With the advent of ‘single farm payments’ in 2004 – whereby subsidies are given for occupation rather than production of the land - an ecological alternative to farming began to seem a viable and extremely attractive way forward for Knepp.

We increased the area under the Countryside Stewardship Scheme to 750 acres south of the A272 running down to Dial Post, and entered a further 750 acres north of the A272 into a new scheme.

In 2009 we took this idea further and included other parts of Knepp and moved all of the schemes into a new Higher Level Scheme    (see Knepp Wildland Project)


Over a ten year period it become clear that conventional agriculture, for us, rapidly become a liability.  This was a terrifying conclusion - if we were having problems, how were smaller farmers coping; and those farmers who have no property to supplement their income?  The implications for the British countryside is/was enormous.

Ironically, though, it seems the collapse in farming opened up exciting opportunities for environmental restoration and for implementing less intensive ways of livestock rearing.  Projects such as ours will certainly change the conventional agricultural look of the land but they will give an enormous boost to wildlife and offer some of our rarer species of flora and fauna a much needed chance to survive - and hopefully bring a lot of pleasure and interest to local communities in the process.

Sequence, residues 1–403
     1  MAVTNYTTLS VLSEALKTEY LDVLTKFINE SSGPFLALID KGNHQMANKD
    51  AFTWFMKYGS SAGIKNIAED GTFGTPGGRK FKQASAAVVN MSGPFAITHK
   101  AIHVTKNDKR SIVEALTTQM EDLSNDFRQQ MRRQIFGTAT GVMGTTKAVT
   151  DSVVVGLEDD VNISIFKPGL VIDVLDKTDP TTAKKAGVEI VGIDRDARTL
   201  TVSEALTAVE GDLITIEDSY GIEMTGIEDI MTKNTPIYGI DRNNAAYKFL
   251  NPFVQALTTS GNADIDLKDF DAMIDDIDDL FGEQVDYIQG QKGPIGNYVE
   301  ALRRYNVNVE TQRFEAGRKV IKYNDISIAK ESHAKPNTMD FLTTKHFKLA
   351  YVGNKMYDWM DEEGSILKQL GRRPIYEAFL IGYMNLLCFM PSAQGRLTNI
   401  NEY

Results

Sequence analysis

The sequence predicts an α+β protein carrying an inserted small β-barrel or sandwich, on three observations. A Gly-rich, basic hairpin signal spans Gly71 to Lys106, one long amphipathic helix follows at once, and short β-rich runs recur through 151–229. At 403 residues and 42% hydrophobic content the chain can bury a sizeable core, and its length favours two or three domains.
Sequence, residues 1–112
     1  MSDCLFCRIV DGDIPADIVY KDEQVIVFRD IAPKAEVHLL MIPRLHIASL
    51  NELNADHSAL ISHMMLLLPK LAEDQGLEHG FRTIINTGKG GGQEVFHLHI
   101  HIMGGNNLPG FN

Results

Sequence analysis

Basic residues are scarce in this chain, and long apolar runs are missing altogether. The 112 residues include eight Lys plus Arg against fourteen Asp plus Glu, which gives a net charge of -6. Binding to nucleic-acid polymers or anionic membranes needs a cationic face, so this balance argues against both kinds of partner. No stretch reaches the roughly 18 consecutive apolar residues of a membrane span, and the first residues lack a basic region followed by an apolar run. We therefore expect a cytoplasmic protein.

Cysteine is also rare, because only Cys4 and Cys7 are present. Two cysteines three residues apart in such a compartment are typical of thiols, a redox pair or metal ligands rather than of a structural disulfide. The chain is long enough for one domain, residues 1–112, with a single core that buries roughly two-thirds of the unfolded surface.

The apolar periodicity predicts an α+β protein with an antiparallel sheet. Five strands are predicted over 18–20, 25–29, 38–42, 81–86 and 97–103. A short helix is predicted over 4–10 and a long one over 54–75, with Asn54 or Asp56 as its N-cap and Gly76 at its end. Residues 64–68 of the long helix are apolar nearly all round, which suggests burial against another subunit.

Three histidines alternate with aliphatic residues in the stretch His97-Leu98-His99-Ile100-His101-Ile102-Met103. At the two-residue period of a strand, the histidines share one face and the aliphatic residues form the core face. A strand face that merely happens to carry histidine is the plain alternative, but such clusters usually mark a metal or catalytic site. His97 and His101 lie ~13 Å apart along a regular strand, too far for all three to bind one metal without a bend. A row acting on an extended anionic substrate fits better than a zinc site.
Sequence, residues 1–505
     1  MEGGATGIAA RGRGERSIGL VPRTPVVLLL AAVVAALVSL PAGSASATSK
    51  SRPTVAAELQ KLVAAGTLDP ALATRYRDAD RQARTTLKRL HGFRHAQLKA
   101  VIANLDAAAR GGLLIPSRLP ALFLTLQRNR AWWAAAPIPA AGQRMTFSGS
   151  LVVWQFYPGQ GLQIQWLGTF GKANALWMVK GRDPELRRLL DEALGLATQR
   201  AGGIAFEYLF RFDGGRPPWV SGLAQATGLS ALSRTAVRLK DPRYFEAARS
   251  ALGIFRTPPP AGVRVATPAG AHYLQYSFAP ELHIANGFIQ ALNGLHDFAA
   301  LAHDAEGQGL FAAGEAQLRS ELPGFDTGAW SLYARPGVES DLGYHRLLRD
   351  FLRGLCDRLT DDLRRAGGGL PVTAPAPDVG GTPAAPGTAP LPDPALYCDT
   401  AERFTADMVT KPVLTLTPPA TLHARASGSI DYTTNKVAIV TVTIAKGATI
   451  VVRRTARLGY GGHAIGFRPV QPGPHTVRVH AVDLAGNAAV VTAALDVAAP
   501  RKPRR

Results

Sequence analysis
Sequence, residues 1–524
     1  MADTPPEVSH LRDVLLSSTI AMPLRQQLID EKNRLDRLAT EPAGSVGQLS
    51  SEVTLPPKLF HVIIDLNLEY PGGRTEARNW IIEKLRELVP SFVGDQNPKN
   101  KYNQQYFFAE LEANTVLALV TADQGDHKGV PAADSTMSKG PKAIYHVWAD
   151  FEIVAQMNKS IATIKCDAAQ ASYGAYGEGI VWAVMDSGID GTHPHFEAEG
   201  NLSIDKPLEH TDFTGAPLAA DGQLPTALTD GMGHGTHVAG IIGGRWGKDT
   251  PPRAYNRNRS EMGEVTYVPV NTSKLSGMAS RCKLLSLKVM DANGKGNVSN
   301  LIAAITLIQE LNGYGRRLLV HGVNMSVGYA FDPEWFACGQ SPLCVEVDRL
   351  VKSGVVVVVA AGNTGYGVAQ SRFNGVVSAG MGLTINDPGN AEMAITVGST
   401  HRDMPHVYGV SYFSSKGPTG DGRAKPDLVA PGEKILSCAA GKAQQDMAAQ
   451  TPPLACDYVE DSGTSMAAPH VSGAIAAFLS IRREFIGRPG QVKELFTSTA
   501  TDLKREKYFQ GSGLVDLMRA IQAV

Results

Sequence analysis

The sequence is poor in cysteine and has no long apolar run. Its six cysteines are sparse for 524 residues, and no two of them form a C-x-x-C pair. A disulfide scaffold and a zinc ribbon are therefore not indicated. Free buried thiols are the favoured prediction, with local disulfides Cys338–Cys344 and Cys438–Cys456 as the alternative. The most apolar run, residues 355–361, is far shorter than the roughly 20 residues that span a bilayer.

Fish Ranching

For many years we have been ranching primarily carp on the Knepp lake. If you would like to know more click here.






Bucks to Doe ratio is kept to roughly 50 / 50



The late Peter Miller orchestrating TB testing of the Longhorn herds



Castrating a young bulls



Oaks like this one on Swallows Farm are no longer under threat from ploughing too close to its roots


This is four year old  grassland after having had wild flower seeds added as part of the arable reversion project



Grass snake just prior to moulting its skin - found near one of the many little ponds on the farm


Redundant dairy building providing space for light industrial tenants


Ponies, cattle, deer and pigs roam freely within a 1500 acre boundary fence


60 kilometres of fencing has been taken out.


12 foot strainer being knocked in on Pondtail Farm.